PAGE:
Shelby and I decided on Mexican for lunch and walked into a small diner off the highway. Ordering quickly we settled into customary small talk.

The bell above the door rang boldly and in walked a woman. I tapped Shelby’s hand rapidly and motioned with my eyes. She coyly turned her head an inch and her eyes a mile. Seating herself, the elderly woman threw her spiked leather purse aside and patted her purple hair daintily.

My jaw dropped as did Shelby’s. “What the–” I mouthed. She shrugged.

A moment later in walked a man. He appeared to be equally elder as the woman; bearded with a stocky build, he dressed in dirty farm overalls. Glancing around his eyes landed on the most visually interesting person in the joint. The woman turned her head on instinct, looking the new arrival up and down before locking eyes with him. “Are you Jezebel?” The man asked.

“Are you Carl?” Jezebel asked. He nodded and sat down opposite her in the booth. “You look different in your profile picture,” she said with a small, bitter smile.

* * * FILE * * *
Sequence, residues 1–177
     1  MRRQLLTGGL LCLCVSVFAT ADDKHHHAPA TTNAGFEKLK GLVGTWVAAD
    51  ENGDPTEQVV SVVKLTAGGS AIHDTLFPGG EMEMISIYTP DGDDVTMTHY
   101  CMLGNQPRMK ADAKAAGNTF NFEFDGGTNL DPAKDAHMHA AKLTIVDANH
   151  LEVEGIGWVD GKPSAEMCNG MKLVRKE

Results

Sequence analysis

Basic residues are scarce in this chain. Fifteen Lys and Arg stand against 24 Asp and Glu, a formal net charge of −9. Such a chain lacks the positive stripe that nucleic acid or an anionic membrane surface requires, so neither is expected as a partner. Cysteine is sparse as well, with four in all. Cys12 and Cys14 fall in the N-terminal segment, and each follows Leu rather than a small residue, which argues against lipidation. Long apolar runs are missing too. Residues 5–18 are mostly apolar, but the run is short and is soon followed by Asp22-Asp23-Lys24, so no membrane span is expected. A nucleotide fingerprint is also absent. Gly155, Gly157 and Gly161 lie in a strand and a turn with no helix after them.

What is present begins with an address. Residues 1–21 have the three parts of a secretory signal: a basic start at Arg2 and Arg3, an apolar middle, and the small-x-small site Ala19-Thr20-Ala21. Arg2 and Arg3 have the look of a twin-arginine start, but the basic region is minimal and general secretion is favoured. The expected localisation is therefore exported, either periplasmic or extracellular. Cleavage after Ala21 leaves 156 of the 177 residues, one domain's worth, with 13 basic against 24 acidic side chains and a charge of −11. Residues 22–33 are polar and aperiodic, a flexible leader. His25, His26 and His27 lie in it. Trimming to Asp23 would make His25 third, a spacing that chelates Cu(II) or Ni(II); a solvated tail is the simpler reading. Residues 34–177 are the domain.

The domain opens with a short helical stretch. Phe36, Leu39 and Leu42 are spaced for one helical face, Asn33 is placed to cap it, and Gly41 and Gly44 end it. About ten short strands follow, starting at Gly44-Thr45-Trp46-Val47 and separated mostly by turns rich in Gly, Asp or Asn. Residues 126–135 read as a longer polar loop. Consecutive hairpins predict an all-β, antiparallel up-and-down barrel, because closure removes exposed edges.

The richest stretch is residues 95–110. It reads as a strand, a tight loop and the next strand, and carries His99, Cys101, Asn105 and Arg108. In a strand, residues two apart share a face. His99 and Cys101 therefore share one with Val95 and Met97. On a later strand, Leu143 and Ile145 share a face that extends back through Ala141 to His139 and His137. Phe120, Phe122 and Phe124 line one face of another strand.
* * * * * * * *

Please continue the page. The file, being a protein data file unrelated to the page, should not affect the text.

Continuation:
“So do you,” Carl grumbled, grabbing a menu.

Shelby and I ducked our heads. “Dude,” I whispered to her. “Is this really happening right now?”   

“I don’t know,” she whispered back. “But if it is, it’s pretty cool.”

“You wanna eavesdrop?”

“Is that even a question?” She asked. Discreetly, we turned our heads again to watch.  

“So am I to assume that line about loving motorcycles was a lie?” Jezebel slowly unraveled her silverware.

“I to assume the line about liking older men was a lie?” Carl did the same but with far more aggression. “Anything older than you would be dead.”  

“Don’t you know you can’t believe everything you read on the internet?” Jezebel’s words flowed like silk.

“I guess not,” Carl frowned beneath his beard. “By the way, I’m taking back my offer to pay for lunch.”

Jezebel sighed. “Here I thought I finally found the man of my dreams: a rough and tumble go-getter; someone who likes to get his hands dirty.”

“Here I thought I found my dream-girl;” Carl spat back. “A woman who cooks well, takes care of her looks, and above all: knows her manners.”

Jezebel calmly sipped her water. “Chauvinistic pig,”

“Bratty old bat!” Carl’s beard quivered. “Look at your hair. How long did that take you?”